## Regression with Graphics: A Second Course in Applied StatisticsThis text demonstrates how computing power has expanded the role of graphics in analyzing, exploring, and experimenting with raw data. It is primarily intended for students whose research requires more than an introductory statistics course, but who may not have an extensive background in rigorous mathematics. It's also suitable for courses with students of varying mathematical abilities. Hamilton provides students with a practical, realistic, and graphical approach to regression analysis so that they are better prepared to solve real, sometimes messy problems. For students and professors who prefer a heavier mathematical emphasis, the author has included optional sections throughout the text where the formal, mathematical development of the material is explained in greater detail. REGRESSION WITH GRAPHICS is appropriate for use with any (or no) statistical computer package. However, Hamilton used STAT A in the development of the text due to its ease of application and sophisticated graphics capabilities. (STATA is available in a student package from Duxbury including a tutorial by the same author: Hamilton, STATISTICS WITH STAT A, 5.0, 1998; ISBN: 0-534-31874-6.) |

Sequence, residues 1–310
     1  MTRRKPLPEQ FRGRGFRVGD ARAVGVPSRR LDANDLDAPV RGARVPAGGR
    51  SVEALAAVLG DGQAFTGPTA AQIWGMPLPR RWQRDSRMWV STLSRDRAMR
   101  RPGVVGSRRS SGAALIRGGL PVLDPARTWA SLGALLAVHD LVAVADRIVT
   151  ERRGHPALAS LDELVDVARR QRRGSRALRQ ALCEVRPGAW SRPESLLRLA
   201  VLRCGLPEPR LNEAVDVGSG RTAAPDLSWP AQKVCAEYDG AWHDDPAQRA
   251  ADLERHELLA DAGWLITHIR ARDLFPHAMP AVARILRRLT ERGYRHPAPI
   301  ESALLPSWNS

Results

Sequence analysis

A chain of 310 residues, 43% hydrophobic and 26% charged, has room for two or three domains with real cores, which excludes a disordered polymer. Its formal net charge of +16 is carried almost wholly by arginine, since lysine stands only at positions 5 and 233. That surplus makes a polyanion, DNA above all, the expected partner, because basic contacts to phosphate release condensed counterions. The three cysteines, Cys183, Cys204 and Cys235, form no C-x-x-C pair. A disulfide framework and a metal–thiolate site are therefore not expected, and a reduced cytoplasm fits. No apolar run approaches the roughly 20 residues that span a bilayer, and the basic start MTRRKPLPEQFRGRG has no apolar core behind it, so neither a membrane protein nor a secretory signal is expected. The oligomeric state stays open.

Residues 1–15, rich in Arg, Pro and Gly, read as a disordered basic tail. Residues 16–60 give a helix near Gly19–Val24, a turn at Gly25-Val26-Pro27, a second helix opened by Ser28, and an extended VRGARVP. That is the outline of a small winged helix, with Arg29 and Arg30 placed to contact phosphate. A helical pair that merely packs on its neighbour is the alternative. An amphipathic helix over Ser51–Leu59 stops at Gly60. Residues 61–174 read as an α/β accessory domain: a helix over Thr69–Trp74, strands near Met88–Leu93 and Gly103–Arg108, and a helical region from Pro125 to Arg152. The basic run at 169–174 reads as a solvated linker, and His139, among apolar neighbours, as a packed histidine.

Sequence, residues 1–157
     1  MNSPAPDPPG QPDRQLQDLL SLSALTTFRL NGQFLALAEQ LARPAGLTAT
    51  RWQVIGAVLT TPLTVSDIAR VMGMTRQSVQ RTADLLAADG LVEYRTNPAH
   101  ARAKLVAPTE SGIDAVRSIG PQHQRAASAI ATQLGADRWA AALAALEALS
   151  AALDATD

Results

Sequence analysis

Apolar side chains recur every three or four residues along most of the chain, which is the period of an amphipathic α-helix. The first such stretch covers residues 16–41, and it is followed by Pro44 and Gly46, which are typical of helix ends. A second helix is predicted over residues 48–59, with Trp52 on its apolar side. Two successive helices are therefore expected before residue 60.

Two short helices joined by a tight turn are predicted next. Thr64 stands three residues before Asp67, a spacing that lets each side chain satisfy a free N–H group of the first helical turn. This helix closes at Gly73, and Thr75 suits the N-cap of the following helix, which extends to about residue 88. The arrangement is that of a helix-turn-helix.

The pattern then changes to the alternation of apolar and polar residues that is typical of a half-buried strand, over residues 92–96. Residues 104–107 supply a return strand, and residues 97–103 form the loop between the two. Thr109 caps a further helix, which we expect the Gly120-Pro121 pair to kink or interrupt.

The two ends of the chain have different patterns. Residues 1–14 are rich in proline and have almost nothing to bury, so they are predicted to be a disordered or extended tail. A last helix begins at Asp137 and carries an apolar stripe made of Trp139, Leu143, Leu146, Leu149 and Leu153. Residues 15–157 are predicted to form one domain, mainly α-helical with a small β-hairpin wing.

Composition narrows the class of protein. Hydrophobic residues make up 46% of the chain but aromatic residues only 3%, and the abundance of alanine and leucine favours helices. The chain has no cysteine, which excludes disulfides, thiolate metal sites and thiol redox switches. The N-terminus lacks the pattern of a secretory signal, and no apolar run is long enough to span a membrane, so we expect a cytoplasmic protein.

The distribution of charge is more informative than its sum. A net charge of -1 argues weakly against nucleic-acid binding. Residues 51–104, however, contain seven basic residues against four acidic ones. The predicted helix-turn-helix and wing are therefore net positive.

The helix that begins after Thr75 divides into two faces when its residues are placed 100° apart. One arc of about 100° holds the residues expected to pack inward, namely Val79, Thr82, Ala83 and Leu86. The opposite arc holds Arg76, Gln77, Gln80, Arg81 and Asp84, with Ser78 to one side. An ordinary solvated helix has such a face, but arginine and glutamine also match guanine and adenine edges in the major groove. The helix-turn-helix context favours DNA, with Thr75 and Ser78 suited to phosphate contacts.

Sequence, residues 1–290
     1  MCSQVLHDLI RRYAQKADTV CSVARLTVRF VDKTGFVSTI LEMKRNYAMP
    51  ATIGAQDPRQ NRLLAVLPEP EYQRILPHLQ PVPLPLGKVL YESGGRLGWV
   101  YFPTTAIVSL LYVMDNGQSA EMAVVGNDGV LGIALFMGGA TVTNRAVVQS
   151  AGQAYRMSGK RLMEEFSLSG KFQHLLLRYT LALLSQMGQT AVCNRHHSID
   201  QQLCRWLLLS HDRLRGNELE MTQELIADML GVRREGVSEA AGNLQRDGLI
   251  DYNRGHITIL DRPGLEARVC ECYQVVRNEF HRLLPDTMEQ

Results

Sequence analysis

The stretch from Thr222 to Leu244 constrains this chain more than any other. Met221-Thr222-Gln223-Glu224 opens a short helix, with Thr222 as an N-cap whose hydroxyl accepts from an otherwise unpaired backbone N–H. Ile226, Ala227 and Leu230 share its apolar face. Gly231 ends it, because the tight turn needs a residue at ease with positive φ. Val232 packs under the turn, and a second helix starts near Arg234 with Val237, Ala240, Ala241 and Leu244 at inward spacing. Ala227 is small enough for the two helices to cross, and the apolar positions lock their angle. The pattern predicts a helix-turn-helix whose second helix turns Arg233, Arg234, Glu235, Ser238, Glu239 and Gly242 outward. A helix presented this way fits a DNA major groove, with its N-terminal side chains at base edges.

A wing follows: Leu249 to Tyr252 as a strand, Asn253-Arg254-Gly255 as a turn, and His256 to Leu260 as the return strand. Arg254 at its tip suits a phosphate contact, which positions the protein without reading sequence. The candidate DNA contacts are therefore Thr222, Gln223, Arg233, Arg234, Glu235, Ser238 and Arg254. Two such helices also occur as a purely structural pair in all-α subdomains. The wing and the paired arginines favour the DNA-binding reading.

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### Contents

1 variable Distributions | 1 |

Bivariate Regression Andlysis | 29 |

Bosics of Multiple Regression | 65 |

Copyright | |

11 other sections not shown

### Common terms and phrases

ANOVA assumptions autocorrelation bivariate biweight bootstrap Bounded-influence boxplots calculate Chapter confidence intervals covariance cubic feet curve curvilinear degrees of freedom deleting DFBETAS diagonal downweights dummy variable effect equals Equation estimated standard error example Exercise F-statistic F-test factor analysis factor scores Figure graphs heteroscedasticity income influential intercept Iteration leverage plot linear loadings Log Likelihood logarithms logit regression M-estimation mean median methods Monte Carlo multicollinearity negative nonlinear nonnormal normal distribution null hypothesis Number of obs obtain outliers P-values parameters pattern percentile population positively skewed postshortage water predicted values predictors preshortage water principal components Prob problems quantile radon Reading Prong regression coefficients relationship resampling residuals robust regression rotation sampling distributions scatterplot slope ſº standard deviation standard errors statistics sum of squares symmetrical t-statistics Table tails theoretical Toble transformations variance versus weights Y-intercept zero